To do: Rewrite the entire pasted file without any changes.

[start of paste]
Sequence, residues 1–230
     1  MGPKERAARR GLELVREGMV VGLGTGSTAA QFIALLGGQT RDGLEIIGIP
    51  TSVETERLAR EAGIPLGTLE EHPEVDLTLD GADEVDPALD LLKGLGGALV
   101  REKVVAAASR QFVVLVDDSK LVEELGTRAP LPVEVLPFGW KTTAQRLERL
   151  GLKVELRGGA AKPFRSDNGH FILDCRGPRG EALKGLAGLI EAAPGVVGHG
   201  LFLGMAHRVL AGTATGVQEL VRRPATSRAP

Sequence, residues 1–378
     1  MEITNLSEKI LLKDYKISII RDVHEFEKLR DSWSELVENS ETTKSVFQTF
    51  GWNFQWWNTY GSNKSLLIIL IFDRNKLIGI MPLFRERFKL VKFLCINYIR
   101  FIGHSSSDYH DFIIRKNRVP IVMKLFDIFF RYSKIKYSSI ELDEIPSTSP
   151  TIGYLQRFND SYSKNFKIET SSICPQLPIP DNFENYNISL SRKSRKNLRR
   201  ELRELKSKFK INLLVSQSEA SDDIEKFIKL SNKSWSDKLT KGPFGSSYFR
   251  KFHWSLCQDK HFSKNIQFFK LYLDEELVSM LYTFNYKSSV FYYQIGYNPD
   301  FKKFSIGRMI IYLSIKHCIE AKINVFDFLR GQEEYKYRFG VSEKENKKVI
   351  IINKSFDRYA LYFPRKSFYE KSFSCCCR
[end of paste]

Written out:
Sequence, residues 1–230
     1  MGPKERAARR GLELVREGMV VGLGTGSTAA QFIALLGGQT RDGLEIIGIP
    51  TSVETERLAR EAGIPLGTLE EHPEVDLTLD GADEVDPALD LLKGLGGALV
   101  REKVVAAASR QFVVLVDDSK LVEELGTRAP LPVEVLPFGW KTTAQRLERL
   151  GLKVELRGGA AKPFRSDNGH FILDCRGPRG EALKGLAGLI EAAPGVVGHG
   201  LFLGMAHRVL AGTATGVQEL VRRPATSRAP

Sequence, residues 1–378
     1  MEITNLSEKI LLKDYKISII RDVHEFEKLR DSWSELVENS ETTKSVFQTF
    51  GWNFQWWNTY GSNKSLLIIL IFDRNKLIGI MPLFRERFKL VKFLCINYIR
   101  FIGHSSSDYH DFIIRKNRVP IVMKLFDIFF RYSKIKYSSI ELDEIPSTSP
   151  TIGYLQRFND SYSKNFKIET SSICPQLPIP DNFENYNISL SRKSRKNLRR
   201  ELRELKSKFK INLLVSQSEA SDDIEKFIKL SNKSWSDKLT KGPFGSSYFR
   251  KFHWSLCQDK HFSKNIQFFK LYLDEELVSM LYTFNYKSSV FYYQIGYNPD
   301  FKKFSIGRMI IYLSIKHCIE AKINVFDFLR GQEEYKYRFG VSEKENKKVI
   351  IINKSFDRYA LYFPRKSFYE KSFSCCCR